We went back to camp and got a quick-lunch of peanut butter and jelly and chips. We re-hydrated and got ready for some afternoon trail running. We went back to the pavilion and watched as the groups formed up.

We joined the Beginner Group. We intended to take it easy on trails. After all I had never had my Range Rover on “trails”. And we needed to get home, so tearing it up on “Death’s Back Road” (not a real trail) did not appeal to me.

Lucky8 took this picture of our beginner convoy heading out.

Lucky8 took this picture of our beginner convoy heading out.

Lane Collier took us out. We got to test the CB radio and much to my surprise it worked great. I need to put a filter in or wire it differently. When the electric radiator cooling fans come on they create noise in the speaker on the CB. Lane took us down Solihull backwards. We finally made it to the first serious road. For me it was a very steep and rutted track. It was only a 2 diamond track but to me it seemed much more impressive.

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Solihull was basically a narrow bad dirt road.

Lane and I look at the trail map.

Lane and I look at the trail map.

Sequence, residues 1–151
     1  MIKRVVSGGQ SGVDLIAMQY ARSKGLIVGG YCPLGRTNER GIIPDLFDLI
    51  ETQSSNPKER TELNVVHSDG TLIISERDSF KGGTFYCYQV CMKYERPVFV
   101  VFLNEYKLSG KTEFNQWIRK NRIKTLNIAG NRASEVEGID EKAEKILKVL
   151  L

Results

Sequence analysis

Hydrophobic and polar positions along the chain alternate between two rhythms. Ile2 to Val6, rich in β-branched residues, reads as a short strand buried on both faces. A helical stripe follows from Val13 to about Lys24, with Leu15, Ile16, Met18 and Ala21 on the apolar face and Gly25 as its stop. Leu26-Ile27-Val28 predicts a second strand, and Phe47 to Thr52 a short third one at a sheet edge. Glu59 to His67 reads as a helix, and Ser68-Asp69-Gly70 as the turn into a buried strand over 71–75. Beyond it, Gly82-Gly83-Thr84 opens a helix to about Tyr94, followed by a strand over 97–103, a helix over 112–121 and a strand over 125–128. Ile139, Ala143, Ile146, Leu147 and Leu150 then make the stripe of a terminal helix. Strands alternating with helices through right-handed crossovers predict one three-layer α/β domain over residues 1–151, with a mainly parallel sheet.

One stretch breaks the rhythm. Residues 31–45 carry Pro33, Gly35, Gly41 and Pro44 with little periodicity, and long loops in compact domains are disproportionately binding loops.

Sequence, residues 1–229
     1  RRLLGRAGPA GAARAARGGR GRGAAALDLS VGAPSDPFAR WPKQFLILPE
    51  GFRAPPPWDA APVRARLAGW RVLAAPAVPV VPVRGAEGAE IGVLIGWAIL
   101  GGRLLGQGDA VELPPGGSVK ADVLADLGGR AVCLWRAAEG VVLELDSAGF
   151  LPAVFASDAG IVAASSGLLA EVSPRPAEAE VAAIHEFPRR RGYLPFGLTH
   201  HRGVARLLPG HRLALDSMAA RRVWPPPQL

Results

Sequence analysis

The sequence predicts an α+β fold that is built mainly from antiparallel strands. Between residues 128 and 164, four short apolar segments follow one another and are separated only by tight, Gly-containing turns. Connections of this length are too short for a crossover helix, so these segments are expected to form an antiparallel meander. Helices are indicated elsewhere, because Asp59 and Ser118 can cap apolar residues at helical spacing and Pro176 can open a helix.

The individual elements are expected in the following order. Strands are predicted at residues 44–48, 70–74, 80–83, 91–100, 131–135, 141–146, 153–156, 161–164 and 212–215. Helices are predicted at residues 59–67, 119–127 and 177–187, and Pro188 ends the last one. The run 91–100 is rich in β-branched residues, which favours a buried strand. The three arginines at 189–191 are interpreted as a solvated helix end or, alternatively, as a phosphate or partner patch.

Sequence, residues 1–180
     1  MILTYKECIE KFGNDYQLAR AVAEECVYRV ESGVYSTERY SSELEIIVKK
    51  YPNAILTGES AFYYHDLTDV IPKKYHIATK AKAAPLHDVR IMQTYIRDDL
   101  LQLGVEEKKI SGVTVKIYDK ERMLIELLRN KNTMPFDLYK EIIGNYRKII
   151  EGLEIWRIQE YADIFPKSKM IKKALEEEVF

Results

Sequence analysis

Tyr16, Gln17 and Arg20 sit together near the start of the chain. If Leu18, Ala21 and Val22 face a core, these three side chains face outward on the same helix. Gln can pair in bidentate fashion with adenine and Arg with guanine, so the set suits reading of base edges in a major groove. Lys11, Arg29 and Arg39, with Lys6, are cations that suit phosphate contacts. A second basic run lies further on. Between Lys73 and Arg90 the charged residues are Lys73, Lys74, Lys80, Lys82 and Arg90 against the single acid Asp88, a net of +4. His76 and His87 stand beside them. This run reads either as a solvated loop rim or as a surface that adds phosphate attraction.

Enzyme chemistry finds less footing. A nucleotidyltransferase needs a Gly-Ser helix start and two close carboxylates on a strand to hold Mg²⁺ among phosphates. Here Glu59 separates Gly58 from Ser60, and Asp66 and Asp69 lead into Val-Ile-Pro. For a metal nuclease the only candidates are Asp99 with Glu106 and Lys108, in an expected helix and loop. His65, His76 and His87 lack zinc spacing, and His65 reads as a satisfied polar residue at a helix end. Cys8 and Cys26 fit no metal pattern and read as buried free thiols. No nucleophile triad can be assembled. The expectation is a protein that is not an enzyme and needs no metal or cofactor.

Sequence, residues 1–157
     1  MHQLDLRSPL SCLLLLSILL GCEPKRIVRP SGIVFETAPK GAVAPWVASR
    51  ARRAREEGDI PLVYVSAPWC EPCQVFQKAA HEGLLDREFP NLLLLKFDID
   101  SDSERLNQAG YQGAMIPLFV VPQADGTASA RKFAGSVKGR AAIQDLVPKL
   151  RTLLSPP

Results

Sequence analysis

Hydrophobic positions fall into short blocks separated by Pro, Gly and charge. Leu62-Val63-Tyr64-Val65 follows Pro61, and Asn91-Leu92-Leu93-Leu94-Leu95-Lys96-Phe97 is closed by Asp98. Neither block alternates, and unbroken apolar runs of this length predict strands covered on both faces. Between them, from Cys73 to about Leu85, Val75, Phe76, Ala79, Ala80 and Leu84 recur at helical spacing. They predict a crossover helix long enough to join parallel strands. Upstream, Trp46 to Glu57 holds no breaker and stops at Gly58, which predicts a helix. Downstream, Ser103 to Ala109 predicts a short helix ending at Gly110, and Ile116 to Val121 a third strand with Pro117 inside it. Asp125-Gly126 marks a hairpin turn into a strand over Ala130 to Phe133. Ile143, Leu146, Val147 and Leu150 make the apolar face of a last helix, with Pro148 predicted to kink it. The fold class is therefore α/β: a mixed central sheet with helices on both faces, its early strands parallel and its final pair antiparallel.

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My “Oh shit” this is a serious hill look. We later drove up the goat track you can see out my driver’s side window.

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This is the hill that impressed me so much.

We sorted out where we were and went on to some more trails. I forget which ones we ran but they were a little tougher than I would have expected my Range Rover to make it up or down.

We had a bit of confusion and didn’t have our transfer case in low or our tires aired down. Once we got the word we didn’t have to use our brakes as much on the descents. Braking can cause front end roll overs. You have to learn to trust the transfer case to slow you down. It took a few hills to trust it, but eventually I got it. And it performed just as it was supposed to, miraculously. I asked Lane after we got back if all those trails were beginner, he smiled a sly smile and said, “Maybe.”